Holistic Nurture

medium_29174074By Loren Tate Mitchell

The church of the future should look much like the church of the past in my opinion. Let’s take it back to basics. The church was not about a building, it was not about how many programs were offered or even how many people were in the seats during worship. The church was about relationships, nurturing one another through both the good times and the bad.

This is actually something that Appomattox Court House Presbyterian Church does very well; and so, I lift up our model to you, not as the ultimate way of doing things, but as an example of being authentic in a way that works for us. I cannot take credit for many of the ways that this congregation cares for one another, as many of their methods were in place long before I arrived.

Our congregation has what we call a family ministry. Each month a different person or family is responsible for it. If anyone falls ill, is recovering from a recent surgery, is grieving a loss, or in the best of circumstances celebrating a joy; the family ministry reaches out to them through personal contact. This contact may be a card, phone call, or visit. They might send flowers or organize meals on behalf of the congregation. Any care that is given is documented and passed on each month. In this way the caregivers can see who has been cared for and if any follow up is needed.

We also have a member who sends everyone birthday cards on behalf of the church. I am sure many churches do this. It seems so simple but I think that the theology behind it speaks volumes. The gesture says, “Beloved Child of God, we are so thankful that you were born!”

In the past few years our Nurture Committee has really stepped it up a notch. The committee seeks to care for the wellness of our members in body, mind, and spirit. We meet regularly and identify the folks who need extra love. We then make efforts to call or visit with them. The committee may organize meal delivery or provide rides for people who are unable to drive. Currently, our chair and his wife take goody baskets to our shut-ins about twice a year, and their visits are highly anticipated among the members!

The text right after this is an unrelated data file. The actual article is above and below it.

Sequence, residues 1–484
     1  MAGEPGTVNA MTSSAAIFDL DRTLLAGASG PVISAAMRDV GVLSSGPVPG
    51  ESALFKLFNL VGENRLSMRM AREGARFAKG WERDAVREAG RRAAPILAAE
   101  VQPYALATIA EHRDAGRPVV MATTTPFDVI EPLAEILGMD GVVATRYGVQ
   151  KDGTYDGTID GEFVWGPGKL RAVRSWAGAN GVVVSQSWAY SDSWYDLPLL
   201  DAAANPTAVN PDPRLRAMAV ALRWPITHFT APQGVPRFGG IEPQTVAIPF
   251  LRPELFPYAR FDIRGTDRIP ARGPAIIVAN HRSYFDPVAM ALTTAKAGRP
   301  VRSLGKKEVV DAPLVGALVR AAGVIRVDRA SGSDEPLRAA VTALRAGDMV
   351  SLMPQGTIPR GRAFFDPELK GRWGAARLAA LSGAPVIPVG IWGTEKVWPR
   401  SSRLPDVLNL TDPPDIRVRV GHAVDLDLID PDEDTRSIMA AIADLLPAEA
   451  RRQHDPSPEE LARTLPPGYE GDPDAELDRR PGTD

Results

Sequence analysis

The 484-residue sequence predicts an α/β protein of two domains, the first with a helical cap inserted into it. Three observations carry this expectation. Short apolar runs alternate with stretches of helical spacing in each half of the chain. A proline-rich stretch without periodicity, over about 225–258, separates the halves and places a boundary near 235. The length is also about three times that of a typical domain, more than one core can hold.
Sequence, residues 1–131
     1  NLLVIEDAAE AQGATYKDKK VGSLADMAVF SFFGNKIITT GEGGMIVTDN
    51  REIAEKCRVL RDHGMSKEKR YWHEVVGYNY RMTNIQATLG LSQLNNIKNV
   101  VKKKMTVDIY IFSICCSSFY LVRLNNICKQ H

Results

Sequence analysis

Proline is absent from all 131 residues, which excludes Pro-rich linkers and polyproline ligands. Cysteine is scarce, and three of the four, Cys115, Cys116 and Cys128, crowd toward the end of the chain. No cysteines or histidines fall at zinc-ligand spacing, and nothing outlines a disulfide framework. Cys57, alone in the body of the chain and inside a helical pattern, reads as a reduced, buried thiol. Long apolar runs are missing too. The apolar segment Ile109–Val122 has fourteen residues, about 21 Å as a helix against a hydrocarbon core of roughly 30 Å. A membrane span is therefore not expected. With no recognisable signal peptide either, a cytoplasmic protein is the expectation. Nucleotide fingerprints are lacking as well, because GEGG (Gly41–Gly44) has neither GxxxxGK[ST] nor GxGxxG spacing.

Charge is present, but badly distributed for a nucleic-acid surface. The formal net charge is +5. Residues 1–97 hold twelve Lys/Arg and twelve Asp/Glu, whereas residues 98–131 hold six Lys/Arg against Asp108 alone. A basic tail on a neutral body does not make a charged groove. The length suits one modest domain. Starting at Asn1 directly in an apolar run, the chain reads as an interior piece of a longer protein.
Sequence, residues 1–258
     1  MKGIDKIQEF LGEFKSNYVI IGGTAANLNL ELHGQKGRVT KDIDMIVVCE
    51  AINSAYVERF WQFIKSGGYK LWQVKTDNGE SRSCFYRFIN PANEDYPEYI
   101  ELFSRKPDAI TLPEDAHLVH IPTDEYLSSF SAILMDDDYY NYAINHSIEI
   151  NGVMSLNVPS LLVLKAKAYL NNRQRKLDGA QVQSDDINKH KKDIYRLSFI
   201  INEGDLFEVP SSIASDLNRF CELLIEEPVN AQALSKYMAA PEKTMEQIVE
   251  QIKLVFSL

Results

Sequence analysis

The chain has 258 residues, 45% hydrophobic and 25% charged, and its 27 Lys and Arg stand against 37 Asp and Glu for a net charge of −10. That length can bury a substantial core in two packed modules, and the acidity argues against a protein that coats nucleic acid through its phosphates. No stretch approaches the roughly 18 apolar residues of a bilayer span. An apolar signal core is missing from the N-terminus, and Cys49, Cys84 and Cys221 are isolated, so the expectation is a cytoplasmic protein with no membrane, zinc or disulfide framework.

One of my favorite projects has been sending care packages to our college students. The first time we did this we had so many gifts to send to the students we had to purchase bigger boxes to mail them! We had such a positive response from our college students who were reassured that they are not forgotten.

We have joined with the local hospital system to facilitate a Congregational Health Program. The congregation took surveys to discern what health concerns we may have and discussed ways we might combat these issues. We have formed walking programs such as a Walk to Jerusalem and the ACHPC World Tour. We tally our mileage as a congregation to promote exercise. Every so often, we go on walking field trips together. Rather than having a Shrove Tuesday Pancake Supper last year, we had a Non-Fat Tuesday fellowship dinner. We shared healthy dishes and were invited to exchange recipes. Not only did we eat well, but we spent quality time together around the table.

We rally around growing families as well! We don’t have many children in our congregation so it is a joy to have little ones being born! We host showers for expecting parents, and this is not just for the women. Everyone is invited. The most thoughtful gifts we give however, are delivering meals to the family for several weeks after the baby comes home.

For many members here, it is the loving relationships expressed through acts of care that define our congregation. It is not that we have a lot of people in attendance, or that we have an activity every night of the week; rather the knowledge that, if you have a need for prayer, for assistance, or for people with whom you can celebrate, these are the people who will rally around you. Such nurture for the whole person is a beautiful aspect of a holy community.


Loren Tate Mitchell serves as teaching elder at Appomattox Presbyterian Church in Appomattox, Virginia. She blogs at http://preachingthumbelina.blogspot.com

stained glass window photo credit: drp via photopin cc